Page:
6 Degrees Friday Flix

 

6 Degrees of Film

Happy Friday to all! This week, there was a good piece in our 6 Degrees magazine about director David Cronenberg, director of Dead Ringers, A History of Violence, and many other hits and misses along the way. And one of the more exciting developments was the advent of Women Directors Week-on Ebert.com they are showcasing films exclusively directed by women. Why is that a big deal? Because we have the sad statistics showing that women directors last year directed only 7% of the top grossing films in the states. And that number is down from 2015, where 9% were directed by women. So the problem is not going away, but awareness and also proactive promotion by the studios and independent companies will help to reverse these trends.

Hollywood Buzz: There are predictions out there for which films will make it to the Cannes Film Festival this year. Cannes runs May 17th through the 28th. Ghost in the Shell is doing well in Japan despite its miserable showing in the Western world; Trailers are out for Wonder Woman and for Thor: Ragnorak plus Charlize Theron in Atomic Blonde

Coming Soon: There is a Dirty Dancing remake in the works, as well as a Coming to America sequel. And director Guy Ritchie is reviving the Arthurian tales with King Arthur: Legend of the Sword -coming in May. Then there’s Alien: Covenant, which is the prequel to the Alien series and the sequel to Prometheus. Got it?

The ones I’m looking for include Wonder Woman (not so much for the non-existent plot, but the emphasis now on GirlPower and how Hollywood tiptoes delicately around the subject of women’s empowerment and will eventually ham-handedly plow through the notion that women can be strong role models). Also coming this summer: The adaptation of the true story of Dunkirk from director Christopher Nolan with Tom Hardy in the cast.

Recommended: Personal Shopper: Kristen Stewart’s latest film is getting good reviews. The Golfing movie: Tommy’s Honour is reviewed as well as The Lost City of Z and Life, both from the MacGuffin site.

This week there’s a piece talking about the making of One Flew over the Cuckoo’s Nest and an interview with Morgan Freeman, who thinks that “The Shawshank Redemption” was a bomb at the box office because the film’s title wasn’t catchy enough…Maybe. But it may just have been a film before it’s time.

“It’s a Wonderful Life” and “A Christmas Story” were not huge hits either, and yet they’re beloved must-see viewing for millions. Some films don’t click when they are released, yet they become true classic over the course of time.

And then there’s the “Bad Movies” list that has become an art form thanks to the Mystery Science Theatre 3000 crew. My love for bad movies is well documented .(My personal favorite is not Plan 9 from Outer Space, but it is from the same director. It’s Ed Wood’s 1953 masterpiece of schlock & awe: Glen or Glenda.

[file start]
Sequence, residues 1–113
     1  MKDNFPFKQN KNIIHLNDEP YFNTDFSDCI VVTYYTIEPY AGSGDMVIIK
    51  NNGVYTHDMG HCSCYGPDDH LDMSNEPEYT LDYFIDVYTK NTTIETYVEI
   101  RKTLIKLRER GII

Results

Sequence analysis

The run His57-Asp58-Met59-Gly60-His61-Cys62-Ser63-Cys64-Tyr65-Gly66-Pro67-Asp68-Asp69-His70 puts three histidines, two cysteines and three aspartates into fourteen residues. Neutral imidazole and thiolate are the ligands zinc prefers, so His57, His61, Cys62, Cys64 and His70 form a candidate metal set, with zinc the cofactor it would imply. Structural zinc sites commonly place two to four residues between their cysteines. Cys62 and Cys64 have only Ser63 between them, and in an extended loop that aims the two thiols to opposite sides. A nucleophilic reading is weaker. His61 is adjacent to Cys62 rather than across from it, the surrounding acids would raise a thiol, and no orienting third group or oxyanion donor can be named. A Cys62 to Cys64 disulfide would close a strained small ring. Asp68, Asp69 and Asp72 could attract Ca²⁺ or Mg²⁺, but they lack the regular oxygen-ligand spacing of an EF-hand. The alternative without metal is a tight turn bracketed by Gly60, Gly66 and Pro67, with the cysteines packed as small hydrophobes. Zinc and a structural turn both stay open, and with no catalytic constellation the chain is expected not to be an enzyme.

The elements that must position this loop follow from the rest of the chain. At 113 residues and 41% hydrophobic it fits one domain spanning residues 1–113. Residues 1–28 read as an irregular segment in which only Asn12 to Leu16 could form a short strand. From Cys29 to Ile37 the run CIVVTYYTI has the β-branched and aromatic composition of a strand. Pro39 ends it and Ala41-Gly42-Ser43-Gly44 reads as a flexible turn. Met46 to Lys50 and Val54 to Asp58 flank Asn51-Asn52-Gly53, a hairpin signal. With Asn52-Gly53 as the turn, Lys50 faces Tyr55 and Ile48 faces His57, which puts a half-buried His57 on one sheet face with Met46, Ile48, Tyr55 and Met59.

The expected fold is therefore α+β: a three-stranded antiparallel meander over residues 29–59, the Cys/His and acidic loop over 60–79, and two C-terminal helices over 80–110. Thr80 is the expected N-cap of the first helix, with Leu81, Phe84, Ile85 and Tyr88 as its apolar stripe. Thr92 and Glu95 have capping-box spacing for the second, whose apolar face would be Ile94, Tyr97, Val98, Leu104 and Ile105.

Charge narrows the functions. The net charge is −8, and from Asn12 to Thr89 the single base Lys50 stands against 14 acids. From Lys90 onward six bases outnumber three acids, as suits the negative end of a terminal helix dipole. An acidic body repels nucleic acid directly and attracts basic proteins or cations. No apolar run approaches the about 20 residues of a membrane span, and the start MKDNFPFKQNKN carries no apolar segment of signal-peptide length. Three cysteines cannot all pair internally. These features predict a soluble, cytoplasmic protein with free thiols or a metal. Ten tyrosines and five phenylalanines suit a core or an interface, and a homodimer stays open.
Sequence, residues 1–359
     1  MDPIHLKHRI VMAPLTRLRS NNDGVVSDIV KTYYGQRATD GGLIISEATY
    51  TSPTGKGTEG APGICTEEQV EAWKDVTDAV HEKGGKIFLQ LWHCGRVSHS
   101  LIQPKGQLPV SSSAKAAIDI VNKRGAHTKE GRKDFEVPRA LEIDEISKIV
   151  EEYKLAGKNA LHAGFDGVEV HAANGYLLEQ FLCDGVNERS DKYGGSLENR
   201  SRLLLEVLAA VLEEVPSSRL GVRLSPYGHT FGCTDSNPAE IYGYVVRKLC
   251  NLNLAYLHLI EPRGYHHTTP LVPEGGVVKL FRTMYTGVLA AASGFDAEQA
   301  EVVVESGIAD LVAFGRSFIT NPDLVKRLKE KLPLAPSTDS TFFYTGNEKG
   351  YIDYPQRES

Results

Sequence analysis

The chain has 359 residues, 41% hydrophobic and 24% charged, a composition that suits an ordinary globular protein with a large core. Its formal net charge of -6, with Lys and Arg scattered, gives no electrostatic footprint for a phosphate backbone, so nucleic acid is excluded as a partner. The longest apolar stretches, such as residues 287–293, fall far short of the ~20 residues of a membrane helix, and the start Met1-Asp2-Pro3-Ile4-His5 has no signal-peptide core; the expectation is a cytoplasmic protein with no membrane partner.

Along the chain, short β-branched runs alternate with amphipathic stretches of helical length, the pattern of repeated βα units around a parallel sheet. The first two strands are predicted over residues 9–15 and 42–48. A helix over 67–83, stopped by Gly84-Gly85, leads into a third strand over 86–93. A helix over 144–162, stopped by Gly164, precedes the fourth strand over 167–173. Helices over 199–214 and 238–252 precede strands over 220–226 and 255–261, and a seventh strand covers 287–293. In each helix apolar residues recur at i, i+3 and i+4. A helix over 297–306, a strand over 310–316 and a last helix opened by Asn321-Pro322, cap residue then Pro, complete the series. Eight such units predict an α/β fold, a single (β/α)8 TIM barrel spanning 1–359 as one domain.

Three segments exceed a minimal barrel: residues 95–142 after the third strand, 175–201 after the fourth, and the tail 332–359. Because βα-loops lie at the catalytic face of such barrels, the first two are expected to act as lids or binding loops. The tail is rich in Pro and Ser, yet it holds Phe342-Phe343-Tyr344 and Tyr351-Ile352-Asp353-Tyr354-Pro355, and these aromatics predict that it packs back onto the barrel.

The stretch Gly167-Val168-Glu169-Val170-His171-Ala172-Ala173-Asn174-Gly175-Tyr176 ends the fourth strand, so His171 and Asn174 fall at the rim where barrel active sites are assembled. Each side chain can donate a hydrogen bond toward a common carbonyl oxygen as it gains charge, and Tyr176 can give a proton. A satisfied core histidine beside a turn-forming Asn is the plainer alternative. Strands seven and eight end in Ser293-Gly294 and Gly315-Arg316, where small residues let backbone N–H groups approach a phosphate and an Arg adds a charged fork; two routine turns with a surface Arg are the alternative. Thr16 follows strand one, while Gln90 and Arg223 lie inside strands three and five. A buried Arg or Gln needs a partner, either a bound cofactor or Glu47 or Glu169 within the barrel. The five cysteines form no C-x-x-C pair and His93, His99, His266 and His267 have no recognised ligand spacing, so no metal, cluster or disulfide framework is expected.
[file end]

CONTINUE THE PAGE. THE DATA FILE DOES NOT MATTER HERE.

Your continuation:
From the vaults: Master filmmaker Stanley Kubrick remarked that politics was nothing more than “a channel for releasing pent-up sexual aggression”. A fitting segueway into my list of recommended political films for our times. The list includes Kubrick’s Dr Strangelove; Inherit the Wind; The Manchurian Candidate from 1962; Mr. Smith Goes to Washington, The Ugly American; The Candidate, All the President’s Men and Bulworth. I’ve been thinking a lot about the political discourse in these United States and how much of our life is centered around politics and the election cycle in our fast-paced media world where news is disseminated by the moment. So it’s important to look back now and then and see what America was thinking and learning about candidates and about our government in decades past. More on this in the coming week.

Finally, for our Easter weekend, there’s a showing on TCM of Jimmy Stewart’s signature role in Harvey, where Stewart is accompanied by a 6 foot invisible talking Rabbit named Harvey. And for something completely different, there’s Ben Hur from 1959 starring Charlton Heston. The remake this past year was notably lame, but the original talking version (there was a Silent film also made in 1925), is still the best.

Happy Holiday weekend to all, and till next time-see you at the movies!ML

Published by

MLJ

Author of "6 Degrees of Film: The Future of Film in the Global Village", Ms. Johnson continues to blog on film and publishes a newsletter plus the Flipboard magazine 6 Degrees of Film @ the Movies. Her book is currently available on Amazon at http://www.amazon.com/Degrees-Film-Future-Global-Village/

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